055_barneyThey called it the “barbeque that seats four“.  A vehicle with a propensity to burst into flames, due to a design flaw that allowed the gas tank to be ruptured during a rear end collision. I lived in it with my parents, on and off, from about age four up until the age of nine.  Talk about a five year mission!

We drove from location to location, looking for a place with a job where we could make our home.  Sometimes we’d stop at a motel, often we would sleep in the car at a rest stop.  The back seat came down, the luggage went into the front seats, and out came the sleeping bags and pillows.  Crowded, yes, but quite an adventure.

Money came from grandpa in the form of an allowance, which was enough to buy gas, eat at Howard Johnson’s, buy souvenirs from Stuckey’s, or go to the occasional local carnival.  My main form of entertainment was drawing and reading—comic books, TinTin, and any number of strange and unusual childrens’ books.

Our particular Pinto was named “Barney”.  He was red with black seats and upholstery.  What was most cool about him was he had “the three controls”, which were the fan on/off, the temperature hot/cold, and what I remember as being a defroster front/rear.  I was really into Speed Racer at the time, so I found it cool to imagine that Barney had special powers too (if only three).

One particular hilarious adventure happened when we were leaving California to go back to the east coast (having failed to find a job or a place to live in the Golden State).  Mom was driving Barney with myself in the back, while dad followed behind in a U-Haul Van.  We decided to drive through the Mojave Desert on the way to Las Vegas.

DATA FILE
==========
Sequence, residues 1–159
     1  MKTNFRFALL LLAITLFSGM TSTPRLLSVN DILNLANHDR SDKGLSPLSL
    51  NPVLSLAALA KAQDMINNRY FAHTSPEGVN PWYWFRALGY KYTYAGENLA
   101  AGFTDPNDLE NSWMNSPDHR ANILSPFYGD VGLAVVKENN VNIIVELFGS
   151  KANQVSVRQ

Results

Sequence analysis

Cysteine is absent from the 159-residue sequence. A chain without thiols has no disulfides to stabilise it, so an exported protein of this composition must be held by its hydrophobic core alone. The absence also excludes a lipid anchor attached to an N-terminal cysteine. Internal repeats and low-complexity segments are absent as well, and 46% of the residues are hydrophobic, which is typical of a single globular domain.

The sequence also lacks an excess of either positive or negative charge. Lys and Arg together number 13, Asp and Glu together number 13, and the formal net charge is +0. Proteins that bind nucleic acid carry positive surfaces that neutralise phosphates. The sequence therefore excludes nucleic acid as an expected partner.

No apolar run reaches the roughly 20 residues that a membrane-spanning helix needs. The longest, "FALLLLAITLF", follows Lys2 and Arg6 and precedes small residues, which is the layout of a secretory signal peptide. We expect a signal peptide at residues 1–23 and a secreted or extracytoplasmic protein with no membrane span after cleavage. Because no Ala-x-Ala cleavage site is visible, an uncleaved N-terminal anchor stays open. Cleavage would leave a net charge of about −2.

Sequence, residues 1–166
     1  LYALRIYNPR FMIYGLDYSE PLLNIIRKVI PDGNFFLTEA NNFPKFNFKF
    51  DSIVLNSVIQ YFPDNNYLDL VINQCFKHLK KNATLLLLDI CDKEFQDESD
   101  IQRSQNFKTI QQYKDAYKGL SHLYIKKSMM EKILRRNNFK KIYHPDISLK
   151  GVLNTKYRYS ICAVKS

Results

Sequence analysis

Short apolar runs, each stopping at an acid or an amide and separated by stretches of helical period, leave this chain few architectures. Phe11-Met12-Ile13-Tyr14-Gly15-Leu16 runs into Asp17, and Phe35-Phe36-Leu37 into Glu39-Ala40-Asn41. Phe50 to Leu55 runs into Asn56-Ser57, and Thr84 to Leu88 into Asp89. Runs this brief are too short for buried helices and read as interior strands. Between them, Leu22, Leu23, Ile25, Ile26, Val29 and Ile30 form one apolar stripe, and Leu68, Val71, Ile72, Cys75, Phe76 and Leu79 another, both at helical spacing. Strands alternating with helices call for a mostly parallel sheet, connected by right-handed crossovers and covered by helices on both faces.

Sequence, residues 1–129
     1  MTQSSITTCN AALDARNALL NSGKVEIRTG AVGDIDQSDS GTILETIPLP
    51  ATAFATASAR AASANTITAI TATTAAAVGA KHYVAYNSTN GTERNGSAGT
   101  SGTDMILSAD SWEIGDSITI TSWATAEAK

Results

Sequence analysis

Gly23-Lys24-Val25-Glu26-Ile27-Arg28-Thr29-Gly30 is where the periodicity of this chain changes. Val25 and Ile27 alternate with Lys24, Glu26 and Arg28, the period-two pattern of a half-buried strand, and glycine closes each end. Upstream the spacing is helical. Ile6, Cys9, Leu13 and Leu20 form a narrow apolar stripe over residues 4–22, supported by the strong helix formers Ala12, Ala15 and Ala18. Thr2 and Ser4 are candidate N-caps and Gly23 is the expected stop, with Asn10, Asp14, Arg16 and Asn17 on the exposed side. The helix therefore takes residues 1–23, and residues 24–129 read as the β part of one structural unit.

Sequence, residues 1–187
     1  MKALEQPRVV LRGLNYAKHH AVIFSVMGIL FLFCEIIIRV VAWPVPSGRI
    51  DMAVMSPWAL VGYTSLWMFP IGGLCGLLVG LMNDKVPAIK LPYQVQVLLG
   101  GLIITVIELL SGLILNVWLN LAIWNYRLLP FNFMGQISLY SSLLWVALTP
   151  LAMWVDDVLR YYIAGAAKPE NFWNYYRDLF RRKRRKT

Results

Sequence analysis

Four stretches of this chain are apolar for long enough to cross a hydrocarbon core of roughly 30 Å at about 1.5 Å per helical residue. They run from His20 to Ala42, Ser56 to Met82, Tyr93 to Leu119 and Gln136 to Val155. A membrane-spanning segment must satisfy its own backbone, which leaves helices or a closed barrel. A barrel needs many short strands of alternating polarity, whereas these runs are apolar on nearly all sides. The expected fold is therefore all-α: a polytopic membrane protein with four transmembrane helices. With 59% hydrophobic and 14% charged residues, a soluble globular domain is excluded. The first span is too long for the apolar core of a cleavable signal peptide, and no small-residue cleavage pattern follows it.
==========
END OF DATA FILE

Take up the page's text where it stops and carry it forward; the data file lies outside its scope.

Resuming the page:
The temperature was over 110 degrees and the car had no air conditioning.  One of the things we always carried with us in Barney was a large red and white plastic cooler.  I got so hot sitting in the back that I opened the cooler and climbed inside (but couldn’t close the lid all the way.  I lay on the ice and bottled drinks, which gave up their cold in a cloud of steam that trickled out the lid.

My mom looked in the rear view mirror and stopped the car, fearing a fire had started.  She saw me hiding in the cooler and asked what I was doing in the cooler, of all places?  I said I was trying to stay cool by putting myself on ice.  Even then I was a smarty pants!

Barney was only a V4, so he didn’t have a lot of power.  He had a propensity to break down more and more as he went on.  For example, when we left Las Vegas the fuel pump busted and had to be repaired.  Because we had just gotten gasoline at a service station from an Asian attendant, I said we broke down because we bought Japanese gas.  Oh, kids.  Aye-yi-yi.

Repairs meant calling grandpa for repair money.  Then the adventure would continue.  AM seventies radio, three television networks in the hotel, and bookstores were my culture troughs.  Occasionally we would stop and stay with family or find a place we could live in for a few months, but always we would be back on the road on the quest for a home.

Eventually, we did find a place to live with a job.  Shortly afterward, Barney broke down for the last time on a major bridge during rush hour on a roasting hot day.  That day is vivid in my mind—the parental swear words, the finality of Barney’s last gasp of service, and the growing realization that we were putting down roots.

We had Barney towed to our home, but it was obvious he would never ride again—too expensive to repair.  Too many asteroid belts, hostile android encounters, and radioactive mountain terrain on a Volkswagen wannabe engine.  I watched the tow truck take him away for the last time, never to know the Three Controls again.

But there are times at night before I go to bed where I remember.  The awkward feel of the uneven backseat while being squeezed in with two grownups.  The timelessness of the road and the never-ending panoply of mud-bottom America.  The roaring sound of eighteen wheelers driving by lulls me to sleep, and Barney is there to remind me that freedom and adventure are eternally of our spirit and may strike at any time.

Any day a car may appear out of nowhere, you climb inside, and notice it has three controls.